By Phillip Williams
ATHENS–‘Twas anything but a sunny day for the Sunnyvale Raiders, both football and weather-wise, in their playoff pratfall against the glistering Gilmer Buckeyes at Bruce Field on a gray Friday afternoon.
Gilmer toted up a 22-0 lead, snuffed a momentary Raider revival which pared that to 22-14, and darkened Sunnyvale, 31-14, in a Class 4A Division II regional semi-finals fray on an overcast, then rainy occasion.
The triumph launched first-year Head Coach Alan Metzel’s Buckeyes (12-1) into a fourth-round Playoff Paradise regional final
pairing with unvanquished Caddo Mills (12-0) at 7 p.m. Friday at Commerce’s Memorial Stadium.
Jaron Choyce had a major role in leaving the Raiders with no choice but losing as he tromped for two Buckeye TDs and a two-point conversion. Sunnyvale, meantime, set the plates for a pair of Gilmer touchdown treks with unsuccessful fourth-down conversion attempts.
The Raiders also fell on their swords partly by letting the Buckeyes, who ceded no turnovers, purloin two passes. Sunnyvale stayed in the contest somewhat because it drew only one penalty all afternoon, while the Buckeyes incurred at least a dozen penalized infractions–a situation that drew outraged vituperation from a number of Gilmer fans toward the officials.
Gilmer opened its scoring salvos by taking the opening kickoff and plodding 73 yards in a marathon 13-yard offensive in which the Buckeyes overcame two penalties totaling 25 yards. Runner Ashton Haynes procured the points by wheeling 14 yards before kicker Jose Hernandez airlifted the first of his three successful PAT kicks with 7:03 left in the opening quarter.
The Raiders barricaded themselves against further damage until after they threw an incompletion on a fourth-down try from the Buckeye 38 in the second quarter.
Surmounting a 10-yard penalty, Gilmer bounded to Beulah Land in six plays with Choyce rumbling the final four yards.
Gilmer then inflicted a two-point conversion on their foes as Choyce circled left end with 8:21 left to twirling time.
Yet another incompletion by the Raiders on fourth down from the Buckeye 27, which came with under six minutes left in the second quarter, opened the race track for Gilmer’s next TD. On the tenth play afterward, Choyce bopped two yards to tally with 2:42 left to music time.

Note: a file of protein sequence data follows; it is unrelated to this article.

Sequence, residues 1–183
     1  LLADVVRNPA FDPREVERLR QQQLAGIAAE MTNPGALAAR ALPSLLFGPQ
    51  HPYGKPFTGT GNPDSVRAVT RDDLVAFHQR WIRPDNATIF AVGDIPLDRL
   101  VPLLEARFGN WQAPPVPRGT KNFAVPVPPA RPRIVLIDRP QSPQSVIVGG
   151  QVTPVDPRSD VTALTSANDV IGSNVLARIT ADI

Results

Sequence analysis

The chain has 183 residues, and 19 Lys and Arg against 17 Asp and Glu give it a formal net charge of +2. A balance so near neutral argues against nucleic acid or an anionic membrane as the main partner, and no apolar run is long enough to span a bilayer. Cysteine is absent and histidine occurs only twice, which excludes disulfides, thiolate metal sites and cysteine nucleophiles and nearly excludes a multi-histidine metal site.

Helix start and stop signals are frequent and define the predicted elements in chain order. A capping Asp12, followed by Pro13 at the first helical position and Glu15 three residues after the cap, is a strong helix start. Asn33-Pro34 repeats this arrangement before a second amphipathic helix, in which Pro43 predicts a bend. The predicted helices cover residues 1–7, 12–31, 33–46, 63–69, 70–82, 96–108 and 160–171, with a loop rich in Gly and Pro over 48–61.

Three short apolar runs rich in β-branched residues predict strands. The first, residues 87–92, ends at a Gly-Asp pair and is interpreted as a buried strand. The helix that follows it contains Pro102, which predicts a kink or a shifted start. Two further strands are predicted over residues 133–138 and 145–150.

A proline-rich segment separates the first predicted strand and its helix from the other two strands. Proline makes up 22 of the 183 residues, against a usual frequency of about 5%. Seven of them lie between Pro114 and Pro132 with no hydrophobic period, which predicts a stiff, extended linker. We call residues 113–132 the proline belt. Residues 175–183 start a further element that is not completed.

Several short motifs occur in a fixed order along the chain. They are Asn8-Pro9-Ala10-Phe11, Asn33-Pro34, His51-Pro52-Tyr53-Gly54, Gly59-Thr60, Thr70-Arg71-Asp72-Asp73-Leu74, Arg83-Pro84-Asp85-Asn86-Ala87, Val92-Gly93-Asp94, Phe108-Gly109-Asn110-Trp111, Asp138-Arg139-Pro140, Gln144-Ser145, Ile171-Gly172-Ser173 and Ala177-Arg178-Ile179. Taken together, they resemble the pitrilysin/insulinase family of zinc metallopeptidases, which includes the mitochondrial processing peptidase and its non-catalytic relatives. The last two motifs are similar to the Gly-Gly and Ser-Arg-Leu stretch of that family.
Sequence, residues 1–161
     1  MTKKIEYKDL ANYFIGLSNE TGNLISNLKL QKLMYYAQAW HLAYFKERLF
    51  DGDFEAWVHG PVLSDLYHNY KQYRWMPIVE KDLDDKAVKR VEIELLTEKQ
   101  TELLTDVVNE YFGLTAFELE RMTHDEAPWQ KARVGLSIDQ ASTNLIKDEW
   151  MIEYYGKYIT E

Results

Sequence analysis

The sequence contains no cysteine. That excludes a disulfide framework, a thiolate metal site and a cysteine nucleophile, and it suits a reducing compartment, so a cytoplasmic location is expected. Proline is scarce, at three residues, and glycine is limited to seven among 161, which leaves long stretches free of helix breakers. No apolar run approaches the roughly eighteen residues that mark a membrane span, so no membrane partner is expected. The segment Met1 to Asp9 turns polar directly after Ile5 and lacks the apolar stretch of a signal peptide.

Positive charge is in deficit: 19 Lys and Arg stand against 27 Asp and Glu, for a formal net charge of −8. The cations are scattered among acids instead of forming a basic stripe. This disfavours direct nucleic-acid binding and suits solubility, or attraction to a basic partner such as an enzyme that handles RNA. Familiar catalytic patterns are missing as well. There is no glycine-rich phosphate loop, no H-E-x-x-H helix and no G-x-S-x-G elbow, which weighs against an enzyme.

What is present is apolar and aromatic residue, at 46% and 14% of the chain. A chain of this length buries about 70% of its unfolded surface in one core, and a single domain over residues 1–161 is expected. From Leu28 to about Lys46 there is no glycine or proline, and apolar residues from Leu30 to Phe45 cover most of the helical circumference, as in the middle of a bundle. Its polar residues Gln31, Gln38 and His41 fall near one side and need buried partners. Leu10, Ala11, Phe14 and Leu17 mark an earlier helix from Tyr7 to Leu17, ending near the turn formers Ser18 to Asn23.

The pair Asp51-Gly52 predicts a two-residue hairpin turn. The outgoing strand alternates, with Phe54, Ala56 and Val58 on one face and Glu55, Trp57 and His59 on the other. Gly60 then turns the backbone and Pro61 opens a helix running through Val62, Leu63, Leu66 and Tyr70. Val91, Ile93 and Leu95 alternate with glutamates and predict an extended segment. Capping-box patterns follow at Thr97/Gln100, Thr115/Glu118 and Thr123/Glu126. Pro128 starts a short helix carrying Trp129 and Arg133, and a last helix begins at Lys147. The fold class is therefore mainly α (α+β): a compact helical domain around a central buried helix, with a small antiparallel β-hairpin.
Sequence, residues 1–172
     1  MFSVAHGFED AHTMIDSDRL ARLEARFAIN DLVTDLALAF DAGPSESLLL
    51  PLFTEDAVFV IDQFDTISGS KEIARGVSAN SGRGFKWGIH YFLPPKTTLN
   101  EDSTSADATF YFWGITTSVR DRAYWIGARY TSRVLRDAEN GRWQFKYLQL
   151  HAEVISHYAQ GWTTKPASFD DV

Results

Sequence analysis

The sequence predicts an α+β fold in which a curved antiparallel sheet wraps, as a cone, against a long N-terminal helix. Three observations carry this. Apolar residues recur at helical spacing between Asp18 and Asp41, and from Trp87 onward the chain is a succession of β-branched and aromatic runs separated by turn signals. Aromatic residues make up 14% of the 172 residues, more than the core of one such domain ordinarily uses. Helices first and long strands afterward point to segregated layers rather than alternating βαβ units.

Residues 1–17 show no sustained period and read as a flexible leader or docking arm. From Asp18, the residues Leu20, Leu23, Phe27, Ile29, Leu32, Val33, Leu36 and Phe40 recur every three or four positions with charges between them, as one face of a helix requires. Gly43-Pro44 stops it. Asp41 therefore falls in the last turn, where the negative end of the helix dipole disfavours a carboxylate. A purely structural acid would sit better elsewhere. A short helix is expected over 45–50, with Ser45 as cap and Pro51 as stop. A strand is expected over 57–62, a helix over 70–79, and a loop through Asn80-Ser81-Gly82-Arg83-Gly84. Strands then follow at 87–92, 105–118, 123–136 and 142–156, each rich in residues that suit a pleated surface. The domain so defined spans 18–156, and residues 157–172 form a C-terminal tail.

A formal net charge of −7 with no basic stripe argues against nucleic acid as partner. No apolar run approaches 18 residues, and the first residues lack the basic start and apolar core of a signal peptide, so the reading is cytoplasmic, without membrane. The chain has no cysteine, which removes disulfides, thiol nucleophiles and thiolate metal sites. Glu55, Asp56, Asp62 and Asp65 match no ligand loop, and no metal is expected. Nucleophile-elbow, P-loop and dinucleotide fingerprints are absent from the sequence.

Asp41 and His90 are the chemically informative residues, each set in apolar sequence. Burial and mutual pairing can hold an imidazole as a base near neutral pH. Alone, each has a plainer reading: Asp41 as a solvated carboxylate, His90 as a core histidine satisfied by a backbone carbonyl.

In a 22-point abyss, the Raiders gallantly charged back after taking the ensuing kickoff. Abetted by a 15-yard Gilmer penalty, Sunnyvale promptly ingested 75 yards in 10 plays to tally when runner Jake Taylor took a snap in the wildcat formation, seemingly hit an iron wall, and rolled or bounced off it to the right to score from a yard out.
Jake Pecina banged the first of his two PATs with only six seconds remaining to intermission.
Perhaps galvanized by their late-in-the-half success, the Raiders took the second-half kickoff and made history repeat itself, motoring the same number of yards and plays as in their first touchdown trek, even tallying on yet another Taylor one-yard run from the wildcat. (A 14-yard pass interference penalty against Gilmer gave succor to this offensive).
Now, with 8:13 remaining in the third quarter, it was suddenly 22-14, but the Raiders’ rebound proved to be over.
After the squads exchanged punts, the Buckeye offense revved up again and swung 70 yards in eight plays for Gilmer’s final TD on quarterback Brandon Tennison’s 37-yard heave to Marshae Spraglin with 2:30 left in the third period.
The Gilmer “Black Flag Defense,” which claimed interceptions by Hernandez and Jayden Griffin during the contest, also taped on Gilmer’s final points–a safety which occurred when a snap went between quarterback Max McAda’s legs in his end zone, and he fell on the pigskin with 4:11 left.
Interestingly, on the free kick, the Raiders booted onside and recovered at their 26, only to eventually disgorge a fumble to the Buckeyes at the Sunnyvale 47. Gilmer then ran out the clock.
The Buckeyes’ cause probably reaped benefit from the fact that Gilmer fans strongly outnumbered Sunnyvale supporters. In addition, except for perhaps light sprinkling, predicted rain held off until around the final quarter’s start.
Ironically, though, the only parade which got rained on this afternoon was that of a team named Sunnyvale.